is a 25 km long, narrow island bordering the southwestern side of the Strait of
Georgia, Britich Columbia, Canada. Rocky shores offer few shelters against winter
storms, but a few protected bays welcomed aboriginal settlement and hosted clam
beds whose long-lasting food bounty is attested by thick shell middens. Signs
of settlement over 3,000 years old have been found in Montague Harbour.
University of BC archaeologists have also excavated the remains of a 1,500 year old village near Porlier Pass, perhaps an early focus of salmon fishing and sea-lion hunting activities.
In the decades between the explorations of Dionisio Galiano
and George Vancouver (1792) and the establishment of Fort Victoria (1843),
Galiano and the nearby Gulf Islands were part of the traditional territory of Hul'qumi'num speaking populations based on Kuper Island and in the Cowichan Valley. Enthusiastically embracing European religion and technology, but already decimated in the 1780s by a small-pox epidemic, the First Nations tried in vain to resist the pressure of European settlement and, by the 1860s had been forcibly dispossessed of their lands by military might.
Many of the early pioneers took Indian brides and pursued a life-style close to that of their aboriginal relatives, living off the bounty of land and sea, and thus providing some cultural continuity and links of kinship that survive to this day.
In 1859, Galiano Island acquired its modern name, bestowed upon it in honour of the Spanish navigator, by Royal Navy hydrographer Capt. Richards. A pioneer farming community was developing on the shores of Plumper Pass (officially renamed Active Pass by Richards). Some settlers, such as Scotty Georgeson, a Shetland Islander who married a Fraser Valley Sto:lo woman and became the first lightkeeper on Mayne Island, held land and had family on Galiano but were also active on Mayne.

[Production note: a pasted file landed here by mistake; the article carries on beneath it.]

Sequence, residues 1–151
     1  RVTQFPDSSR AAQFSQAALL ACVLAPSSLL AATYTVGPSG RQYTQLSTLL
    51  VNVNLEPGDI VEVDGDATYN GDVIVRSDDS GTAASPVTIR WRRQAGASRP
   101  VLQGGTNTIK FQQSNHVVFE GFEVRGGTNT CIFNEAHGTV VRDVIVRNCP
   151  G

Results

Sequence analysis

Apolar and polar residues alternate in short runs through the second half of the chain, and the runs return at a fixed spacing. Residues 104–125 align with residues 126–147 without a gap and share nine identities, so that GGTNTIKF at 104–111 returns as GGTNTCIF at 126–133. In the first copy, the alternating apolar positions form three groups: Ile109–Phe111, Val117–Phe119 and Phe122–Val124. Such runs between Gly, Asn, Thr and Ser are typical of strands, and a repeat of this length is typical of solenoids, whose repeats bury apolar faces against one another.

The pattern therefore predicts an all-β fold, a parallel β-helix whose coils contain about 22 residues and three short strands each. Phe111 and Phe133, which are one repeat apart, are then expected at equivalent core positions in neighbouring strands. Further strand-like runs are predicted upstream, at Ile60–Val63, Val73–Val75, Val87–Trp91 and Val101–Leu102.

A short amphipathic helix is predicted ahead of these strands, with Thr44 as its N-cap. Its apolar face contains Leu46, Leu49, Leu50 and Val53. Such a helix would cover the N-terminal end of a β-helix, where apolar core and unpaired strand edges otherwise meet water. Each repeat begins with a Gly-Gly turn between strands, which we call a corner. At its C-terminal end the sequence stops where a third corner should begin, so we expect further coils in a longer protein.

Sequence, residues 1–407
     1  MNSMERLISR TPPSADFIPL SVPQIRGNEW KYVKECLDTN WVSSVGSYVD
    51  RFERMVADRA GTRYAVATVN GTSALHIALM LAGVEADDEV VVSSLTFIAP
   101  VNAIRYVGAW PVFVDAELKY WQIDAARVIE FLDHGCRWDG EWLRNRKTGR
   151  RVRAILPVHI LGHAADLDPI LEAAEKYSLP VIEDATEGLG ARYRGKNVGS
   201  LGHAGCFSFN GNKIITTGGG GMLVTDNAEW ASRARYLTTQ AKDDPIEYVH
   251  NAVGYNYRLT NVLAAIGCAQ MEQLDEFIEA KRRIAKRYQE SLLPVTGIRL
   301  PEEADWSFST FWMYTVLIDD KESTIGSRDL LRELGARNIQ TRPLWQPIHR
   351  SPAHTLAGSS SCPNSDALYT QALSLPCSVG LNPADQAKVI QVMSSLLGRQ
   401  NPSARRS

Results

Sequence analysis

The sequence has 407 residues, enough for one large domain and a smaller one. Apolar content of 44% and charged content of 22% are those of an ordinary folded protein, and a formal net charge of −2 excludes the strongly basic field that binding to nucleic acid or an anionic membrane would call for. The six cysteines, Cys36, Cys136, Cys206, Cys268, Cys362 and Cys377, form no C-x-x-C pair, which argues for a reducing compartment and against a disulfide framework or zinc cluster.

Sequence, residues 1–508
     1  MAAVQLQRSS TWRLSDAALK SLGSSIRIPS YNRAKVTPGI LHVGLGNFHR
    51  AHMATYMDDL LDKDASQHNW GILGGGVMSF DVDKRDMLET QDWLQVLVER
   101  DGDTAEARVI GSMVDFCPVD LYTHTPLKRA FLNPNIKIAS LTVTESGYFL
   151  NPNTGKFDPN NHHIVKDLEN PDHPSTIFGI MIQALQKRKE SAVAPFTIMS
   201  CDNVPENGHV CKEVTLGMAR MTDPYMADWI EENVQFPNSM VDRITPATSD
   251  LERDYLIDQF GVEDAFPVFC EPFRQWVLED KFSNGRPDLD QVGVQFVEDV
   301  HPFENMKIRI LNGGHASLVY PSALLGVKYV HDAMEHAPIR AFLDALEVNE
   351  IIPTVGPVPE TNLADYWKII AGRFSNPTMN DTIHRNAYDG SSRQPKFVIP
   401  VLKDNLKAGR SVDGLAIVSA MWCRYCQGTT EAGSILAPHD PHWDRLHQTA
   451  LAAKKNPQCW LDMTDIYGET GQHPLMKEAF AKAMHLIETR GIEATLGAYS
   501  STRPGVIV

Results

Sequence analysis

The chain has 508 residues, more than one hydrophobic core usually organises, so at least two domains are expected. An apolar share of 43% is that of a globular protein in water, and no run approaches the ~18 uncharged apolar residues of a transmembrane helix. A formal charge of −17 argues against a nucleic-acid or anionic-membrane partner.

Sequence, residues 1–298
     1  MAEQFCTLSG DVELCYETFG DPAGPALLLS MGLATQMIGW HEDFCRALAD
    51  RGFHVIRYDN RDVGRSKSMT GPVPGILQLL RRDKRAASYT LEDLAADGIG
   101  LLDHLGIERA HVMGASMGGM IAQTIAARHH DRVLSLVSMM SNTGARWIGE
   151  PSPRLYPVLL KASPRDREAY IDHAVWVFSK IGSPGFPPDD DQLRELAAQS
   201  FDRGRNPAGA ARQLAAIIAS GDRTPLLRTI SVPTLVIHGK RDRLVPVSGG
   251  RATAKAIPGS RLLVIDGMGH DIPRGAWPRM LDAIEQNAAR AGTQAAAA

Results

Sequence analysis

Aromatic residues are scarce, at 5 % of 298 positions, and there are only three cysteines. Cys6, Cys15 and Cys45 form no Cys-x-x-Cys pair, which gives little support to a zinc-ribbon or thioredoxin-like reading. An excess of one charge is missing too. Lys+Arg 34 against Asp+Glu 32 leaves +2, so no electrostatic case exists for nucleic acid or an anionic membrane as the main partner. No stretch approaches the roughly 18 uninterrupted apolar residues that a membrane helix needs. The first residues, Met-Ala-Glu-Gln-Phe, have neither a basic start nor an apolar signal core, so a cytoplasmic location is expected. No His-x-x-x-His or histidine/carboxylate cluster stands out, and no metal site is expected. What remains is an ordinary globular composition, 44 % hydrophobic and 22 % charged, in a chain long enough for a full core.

Galiano Islanders - remittance men, gold seekers, refugees from crowded countries - felled timber, fished Gulf Island waters, and farmed the valley bottoms for produce to sell to the growing cities of Victoria and Vancouver.
Japanese settlers also came to live on Galiano Island in the late 1800s. They were active in the fishery and operated salteries at the north end of the island until the late 1930s. Traditional charcoal pits, dating from the 1890s and typical of those used in Wakayama Prefecture, Japan, have recently been excavated at the south end of the island.
Water transportation has always been a topic of crucial interest to Galiano Islanders. Even today, life on the island keeps in tune with the ferry schedule. As transportation became more reliable in the 1950s, people from the city discovered the beauty of the Gulf Islands. They first came for summer holidays, acquired property, and sometimes retired on the island.
Official recognition of the value of Gulf
Islands landscapes led to
the creation, in 1974, of the Islands Trust, an agency currently in charge of overviewing local land use. The Trust plays a prominent role in the political life of islanders.
Today, Galiano residents include
a mixture of old families, reaching back to the pioneers of the nineteenth century;
a contingent of artists, writers and refugees from the big city, attracted by
the beauty and peace of the island; and a large group of seniors living off their
pensions in quiet surroundings. Social life on Galiano flourishes through a plethora
of volunteer organizations running the recycling depot, the community
halls, the fire departments, the museum, the library, the Lions, the health care centre, the concert society, etc.. in a widespread spirit of community and self-reliance.